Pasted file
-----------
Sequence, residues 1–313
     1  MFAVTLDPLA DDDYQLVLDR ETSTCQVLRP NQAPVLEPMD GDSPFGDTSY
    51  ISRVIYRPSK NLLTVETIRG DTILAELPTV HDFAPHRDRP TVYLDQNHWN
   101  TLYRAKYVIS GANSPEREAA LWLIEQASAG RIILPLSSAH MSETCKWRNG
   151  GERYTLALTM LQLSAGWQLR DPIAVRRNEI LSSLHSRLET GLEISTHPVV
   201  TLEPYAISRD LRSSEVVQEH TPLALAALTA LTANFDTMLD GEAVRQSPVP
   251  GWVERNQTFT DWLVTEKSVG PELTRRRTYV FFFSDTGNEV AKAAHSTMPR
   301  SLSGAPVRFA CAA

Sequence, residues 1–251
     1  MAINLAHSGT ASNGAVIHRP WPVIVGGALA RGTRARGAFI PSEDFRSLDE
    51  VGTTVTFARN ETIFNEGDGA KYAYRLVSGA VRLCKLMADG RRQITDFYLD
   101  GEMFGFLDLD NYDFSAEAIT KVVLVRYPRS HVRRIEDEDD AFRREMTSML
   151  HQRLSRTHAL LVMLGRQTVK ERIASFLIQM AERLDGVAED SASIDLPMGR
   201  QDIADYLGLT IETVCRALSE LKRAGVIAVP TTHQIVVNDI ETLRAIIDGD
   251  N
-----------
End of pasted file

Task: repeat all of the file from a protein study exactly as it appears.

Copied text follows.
Sequence, residues 1–313
     1  MFAVTLDPLA DDDYQLVLDR ETSTCQVLRP NQAPVLEPMD GDSPFGDTSY
    51  ISRVIYRPSK NLLTVETIRG DTILAELPTV HDFAPHRDRP TVYLDQNHWN
   101  TLYRAKYVIS GANSPEREAA LWLIEQASAG RIILPLSSAH MSETCKWRNG
   151  GERYTLALTM LQLSAGWQLR DPIAVRRNEI LSSLHSRLET GLEISTHPVV
   201  TLEPYAISRD LRSSEVVQEH TPLALAALTA LTANFDTMLD GEAVRQSPVP
   251  GWVERNQTFT DWLVTEKSVG PELTRRRTYV FFFSDTGNEV AKAAHSTMPR
   301  SLSGAPVRFA CAA

Sequence, residues 1–251
     1  MAINLAHSGT ASNGAVIHRP WPVIVGGALA RGTRARGAFI PSEDFRSLDE
    51  VGTTVTFARN ETIFNEGDGA KYAYRLVSGA VRLCKLMADG RRQITDFYLD
   101  GEMFGFLDLD NYDFSAEAIT KVVLVRYPRS HVRRIEDEDD AFRREMTSML
   151  HQRLSRTHAL LVMLGRQTVK ERIASFLIQM AERLDGVAED SASIDLPMGR
   201  QDIADYLGLT IETVCRALSE LKRAGVIAVP TTHQIVVNDI ETLRAIIDGD
   251  N